Attorneys for the owner of the Daily News, Inquirer and Philly.com asked a federal bankruptcy judge yesterday to force several of the media company's major creditors to reveal when they bought their shares of the company's debt, and what they paid for them.
An executive from one of the company's largest creditors, Angelo, Gordon & Co., testified that the firm never reveals such information, and the creditors' attorneys filed a brief attacking the company's effort as "a cynical and inappropriate use" of the bankruptcy code.
The senior creditors hold $318 million in debt secured by virtually all the assets of the company.
Executives of Philadelphia Newspapers, LLC contend that many of the creditors who seek to gain control of the company in a bankruptcy auction were not original lenders, but rather investors who bought the debt at a reduced price.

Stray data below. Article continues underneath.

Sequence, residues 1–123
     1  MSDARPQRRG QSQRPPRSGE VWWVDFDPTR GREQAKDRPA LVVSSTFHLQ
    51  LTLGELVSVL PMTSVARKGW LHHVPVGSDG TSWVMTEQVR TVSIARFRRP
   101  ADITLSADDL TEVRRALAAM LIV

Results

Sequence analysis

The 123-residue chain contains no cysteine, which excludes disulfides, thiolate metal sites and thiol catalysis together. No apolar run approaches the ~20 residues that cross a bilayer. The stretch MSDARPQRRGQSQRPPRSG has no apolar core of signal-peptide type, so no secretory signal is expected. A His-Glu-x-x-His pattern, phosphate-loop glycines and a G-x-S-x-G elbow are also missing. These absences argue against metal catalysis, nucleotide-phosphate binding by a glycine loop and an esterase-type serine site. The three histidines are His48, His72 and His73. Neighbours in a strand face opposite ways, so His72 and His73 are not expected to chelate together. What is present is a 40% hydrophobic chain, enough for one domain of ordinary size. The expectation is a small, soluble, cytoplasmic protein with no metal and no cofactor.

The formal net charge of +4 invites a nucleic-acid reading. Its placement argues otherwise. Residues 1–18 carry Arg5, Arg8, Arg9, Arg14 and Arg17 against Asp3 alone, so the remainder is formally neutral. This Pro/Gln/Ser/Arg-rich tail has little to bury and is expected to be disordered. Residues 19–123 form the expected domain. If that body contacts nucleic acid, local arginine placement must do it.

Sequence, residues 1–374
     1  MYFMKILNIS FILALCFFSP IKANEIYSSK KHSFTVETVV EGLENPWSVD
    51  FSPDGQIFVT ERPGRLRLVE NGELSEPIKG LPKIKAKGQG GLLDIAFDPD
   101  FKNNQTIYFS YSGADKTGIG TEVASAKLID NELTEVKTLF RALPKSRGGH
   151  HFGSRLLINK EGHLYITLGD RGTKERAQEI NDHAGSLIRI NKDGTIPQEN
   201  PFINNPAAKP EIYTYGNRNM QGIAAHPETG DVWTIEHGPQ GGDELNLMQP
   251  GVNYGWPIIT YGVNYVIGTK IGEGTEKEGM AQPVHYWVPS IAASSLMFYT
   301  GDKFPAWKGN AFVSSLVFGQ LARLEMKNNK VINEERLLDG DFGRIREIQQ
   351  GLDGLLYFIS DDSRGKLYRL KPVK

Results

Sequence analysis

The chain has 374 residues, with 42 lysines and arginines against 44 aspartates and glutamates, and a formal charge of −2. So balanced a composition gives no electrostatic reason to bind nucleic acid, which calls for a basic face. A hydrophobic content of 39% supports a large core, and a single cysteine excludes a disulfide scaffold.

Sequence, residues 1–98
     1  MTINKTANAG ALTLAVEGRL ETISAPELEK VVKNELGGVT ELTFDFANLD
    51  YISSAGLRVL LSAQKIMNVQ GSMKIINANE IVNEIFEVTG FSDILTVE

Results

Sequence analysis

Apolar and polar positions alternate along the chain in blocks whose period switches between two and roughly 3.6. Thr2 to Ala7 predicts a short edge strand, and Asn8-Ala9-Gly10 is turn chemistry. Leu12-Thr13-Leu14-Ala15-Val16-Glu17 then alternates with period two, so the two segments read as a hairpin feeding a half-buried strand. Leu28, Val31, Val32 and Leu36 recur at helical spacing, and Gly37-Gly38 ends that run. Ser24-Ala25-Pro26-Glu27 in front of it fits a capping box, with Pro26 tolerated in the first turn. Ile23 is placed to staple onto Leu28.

Lawrence McMichael, an attorney for the media company, said that a long-standing provision in the bankruptcy code requires the disclosure of key information from any group of creditors acting in concert so that "both the court and the parties understand the real economic incentives of creditors."
If someone bought debt for 10 percent of its original value, McMichael said, a settlement that paid creditors 20 cents on the dollar could yield a huge profit.
A company motion filed earlier this month requested that the court require a "steering group" of major creditors to disclose exactly how much each of its members paid for the company debt.
A response filed yesterday by the steering group of creditors called the company's move "yet another, entirely transparent, attempt by the Debtors to ensure that their insiders retain control of these newspapers."
Kirk Wickman, an executive for Angelo, Gordon & Co. testified that the price at which the firm buys distressed debt is "confidential and proprietary" information that is zealously guarded from competitors.
Abid Qureshi, an attorney for the steering group, said yesterday that the media company's motion was aimed at pressuring firms to withdraw from the steering group rather than disclose such information, effectively eliminating the steering group as a potential bidder in the planned bankruptcy auction.